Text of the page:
Approaching Jepara, Java the fishermen trawling where very happy to see us.

A beautiful smile off a very relaxed fisherman.
This is simply the largest squid boat we have ever seen. Yes, its a boat. The structure to house the nets & lights is built over a fishing boat. If you look at the centre, there is a boat in there - just incredible, we could see the squid boat for miles.

Saw a few of these boats taking workers out or maybe back home from work.
Thanks to social media (Face Book) after I had put a post up on our arrival at Java, a fellow sailor told us about the marina at Jepara. If not for him, we wouldn't have stopped here. It is the most amazing place and it gave us a terrific excuse to stop for a few days. The owner: Soren Lax and his son Chris couldn't have made us more welcome if they tried. Sadly though, we had to repair our main yet again.

Jepara Marina is a very well laid our and welcoming venue.

Our poor main sail, ripped again.
Lax as he likes to be called, built his beautiful resort in 2010. It offers 6 very well appointed guest rooms, an infinity pool, a very well stocked bar and a very well serviced restaurant. We anchored 300 meters off his jetty in very good holding. The anchorage is well protected from the north right through to the south west with total coverage from the easterly winds. His restaurant offers quality food with loads of delicious choices at good prices and the beers are icy cold: 'Dingin Sekali'! 

Jeremy & Margie enjoying some much needed downtime in the pool.

The self appointed rooms are a credit to Lax and Chris.

The pool was a welcome retreat.
While we enjoyed our 5 day stop here a great deal. We went into town a few times for supplies with our driver Randy. A lovely young man who spoke good English and looked after us very well. Our first day out started with stops to provision at the local market for vegetables, then off to the local fruit stores. Sensational produce was to be had.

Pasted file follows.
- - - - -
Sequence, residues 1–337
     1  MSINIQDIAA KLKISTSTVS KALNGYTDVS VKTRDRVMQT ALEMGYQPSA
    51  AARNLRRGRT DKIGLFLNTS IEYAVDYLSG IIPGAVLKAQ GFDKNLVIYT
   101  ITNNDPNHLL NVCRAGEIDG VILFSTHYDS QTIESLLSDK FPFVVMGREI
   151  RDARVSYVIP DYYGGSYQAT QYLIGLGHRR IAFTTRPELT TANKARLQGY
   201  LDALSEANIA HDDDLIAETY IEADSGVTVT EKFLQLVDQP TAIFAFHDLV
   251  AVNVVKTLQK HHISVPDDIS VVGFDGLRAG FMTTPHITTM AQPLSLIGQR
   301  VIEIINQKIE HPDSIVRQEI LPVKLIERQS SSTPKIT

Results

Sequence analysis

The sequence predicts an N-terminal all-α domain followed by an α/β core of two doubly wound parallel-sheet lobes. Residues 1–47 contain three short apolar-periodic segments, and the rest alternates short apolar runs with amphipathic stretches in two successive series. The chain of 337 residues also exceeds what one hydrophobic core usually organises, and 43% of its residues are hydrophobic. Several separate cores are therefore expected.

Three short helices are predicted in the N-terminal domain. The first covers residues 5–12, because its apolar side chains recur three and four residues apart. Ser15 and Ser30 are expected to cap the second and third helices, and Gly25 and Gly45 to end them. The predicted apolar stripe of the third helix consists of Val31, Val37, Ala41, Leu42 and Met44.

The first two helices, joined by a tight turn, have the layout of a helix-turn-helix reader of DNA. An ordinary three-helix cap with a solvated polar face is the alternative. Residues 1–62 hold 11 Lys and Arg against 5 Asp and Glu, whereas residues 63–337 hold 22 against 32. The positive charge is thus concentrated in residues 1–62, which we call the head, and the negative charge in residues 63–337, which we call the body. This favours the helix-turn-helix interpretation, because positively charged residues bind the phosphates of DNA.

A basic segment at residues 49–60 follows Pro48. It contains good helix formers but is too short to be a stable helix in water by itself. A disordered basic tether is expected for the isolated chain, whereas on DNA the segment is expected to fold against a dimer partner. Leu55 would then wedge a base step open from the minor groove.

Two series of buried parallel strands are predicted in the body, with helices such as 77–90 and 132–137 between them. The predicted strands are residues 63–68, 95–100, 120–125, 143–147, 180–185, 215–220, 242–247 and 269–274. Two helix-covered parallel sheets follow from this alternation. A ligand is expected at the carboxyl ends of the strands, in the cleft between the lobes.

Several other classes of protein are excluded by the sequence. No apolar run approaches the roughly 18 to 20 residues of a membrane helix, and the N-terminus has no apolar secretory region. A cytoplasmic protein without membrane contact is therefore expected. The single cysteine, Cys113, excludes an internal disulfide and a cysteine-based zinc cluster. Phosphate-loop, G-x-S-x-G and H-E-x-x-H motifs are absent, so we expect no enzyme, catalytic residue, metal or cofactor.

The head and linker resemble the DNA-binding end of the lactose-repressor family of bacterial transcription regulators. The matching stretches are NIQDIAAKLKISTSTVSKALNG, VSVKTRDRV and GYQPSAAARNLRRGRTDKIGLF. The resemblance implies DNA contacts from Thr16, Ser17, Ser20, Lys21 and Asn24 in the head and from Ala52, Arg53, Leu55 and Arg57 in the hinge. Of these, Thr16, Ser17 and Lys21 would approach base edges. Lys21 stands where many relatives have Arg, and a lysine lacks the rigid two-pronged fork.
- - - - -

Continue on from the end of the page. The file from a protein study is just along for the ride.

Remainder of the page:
Bruce at the banana stall.

The chicken ladies. These were some of the best chickens we had seen for sale in a long time.

A local fruit and vegetable shop sold terrific array of produce.

In the market a local lady was selling very good cordials.

Each market stall was clean and well presented.
After we returned our purchases to our boats we enjoyed a full day of sightseeing and eating out. Our first stop was to the local aquarium which is inside a huge turtle structure. Turned out we ended up with a 3 year old tour guide who was adorable.

The entrance to the Kura Kura museum.

Inside they had very cleverly construction a simulated diver plus fish - note the arm has fallen off and is resting on the wires.

Poor fish

Our 3 year old guide with his dad who works at the museum.

The shark tank was a tad sad.

One of two turtles in the shark tank.

Bruce at the entrance.
Next stop was for lunch at the famous Beatrice's Cafe which serves delicious food in a funky setting. On the way to lunch we passed a brass and copper shop selling their wares. It was easy to kill time in this amazing shop where the owners spoke excellent English and made us feel most welcome. They were thrilled to have some photos taken with us.

The entire family was thrilled to have Westerns visit their shop.

Bruce found this incredible piece on the shelf, we loved it.

Inside the shop was like an Aldan's treasure chest, amazing.